enter image description hereMy ancestor was a Hessen Hussar in 1798 with General Major Schreiber's Hussar Squadron. I would like help in getting what I outlined in red on the following documentsenter image description here translated.

  • 2
    The first word you marked seems to be Leimann, the second phrase Husar Leyman. Leimann and Leyman could be different spellings of the same name. Jul 18, 2022 at 4:47
  • Look at german.stackexchange.com/help/someone-answers
    – Paul Frost
    Jul 19, 2022 at 23:07
  • TheHessen: As suggested by @PaulFrost, if you think your question was answered by one of the posts below, please consider marking it as "accepted" (via the "checkmark" beside the answer). If you have further queries, feel free to ask a new question.
    – marquinho
    Jul 20, 2022 at 10:17

2 Answers 2


The first report, dated Lohra, 11 December 1798, reads:

Zugleich will Ew: Hhdurchl: melden, daß [/] ein Carabinier Becker und ein Hußar [/] Leimann, beyde Gener:l Schreibers [/] Escadron <1mo?> an einem Ohrgeschwüre [/] kranck, und leztem deßen Pferd [/] lahm ist.

"Ew. Hhdurchl." is a form of address used for a ruler and can be broken down to "Euer Hochdurchlaucht" or "Your (Most) Serene Highness".

I am unsure about the words or signs right before and after "Gener:l Schreibers Escadron". The two vertical strokes may indicate omission and point back to something mentioned above ("said General" / "said squadron"). Please note that my translation "from said" is conjectural. The former is, I believe, the word "von" (with a small space left between "vo" and "n"). The (likely) abbreviation after "Escadron" might be a numeral, written in Latin according to tradition. I conjecture "1mo".


I also report to Your Most Serene Highness that a carabinier named Becker and a hussar named Leimann, both from the <1st?> squadron of General Schreiber, fell ill with an abscess to one ear, and the latter's horse is lame.

The last line of the second report, written on or after 20 January 1799 (it is a record of patrols conducted around Lohra between 16 and 20 January), remarks that

General-Major Schreiber Escadron ist dem Hussar Leyman sein Pferd welche[s] Lahm geweßen wieder curiert.

Reading the word after "Escadron" as "ist", it translates to:

[In] the squadron of Major General Schreiber, Husar Leyman's horse, previously lame, has healed.

(Thanks to @SebastianRedl for the pointer on how to interpret "ist ... curiert".)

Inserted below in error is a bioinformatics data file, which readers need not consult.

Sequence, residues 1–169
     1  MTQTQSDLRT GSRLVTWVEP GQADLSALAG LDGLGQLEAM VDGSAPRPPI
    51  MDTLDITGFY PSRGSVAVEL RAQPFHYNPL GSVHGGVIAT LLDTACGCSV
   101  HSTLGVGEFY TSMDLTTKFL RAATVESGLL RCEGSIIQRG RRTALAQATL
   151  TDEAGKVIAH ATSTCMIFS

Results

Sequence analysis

Note the inconsistent spelling of your ancestor's name in the documents, arguably written by two distinct hands (likely two different secretaries or amanuenses): Leimann vs. Leyman.

  • 2
    "ist kuriert" however means "is well again", which makes a lot more sense by itself, since squadrons don't heal horses, lame horses generally heal by themselves after some time. The prefixing of the squadron may just be a shorthand to first refer to a particular squadron that the event concerns. So the full meaning would be "In Major General Schreiber's squadron, Husar Leyman's horse, which was lame, has recovered." Jul 19, 2022 at 9:19
  • @SebastianRedl Excellent observation, thanks!
    – marquinho
    Jul 19, 2022 at 9:38
  • The shorthand you read 1mo could also be read as po̳ – basically the same: primo.
    – ccprog
    Jul 21, 2022 at 16:37

This is a tough question. I address the first picture:

Zugleich will so [name?] melden, daß ein Carabinier Beeker und ein Husar Leimann, beijde [] General Schreibers Escadron an einem [] krank und leztem [] Pferd lahm ist.

Translating to: At the same time [name] wants to report, that carabine rifleman Beeker and husar Leimann, both in General Schreibers squadron, are both sick with [] and the latters horse is lame.

  • 1
    It is not clearly identifiable whether the carabinier's name is Beeker or Becker. I believe it is Becker: 1. There is small dot right over the debatable letter which also occurs over the "c" is Escadron. 2. Look a the "c" in *December.
    – Paul Frost
    Jul 18, 2022 at 16:15

Your Answer

By clicking “Post Your Answer”, you agree to our terms of service and acknowledge you have read our privacy policy.

Not the answer you're looking for? Browse other questions tagged or ask your own question.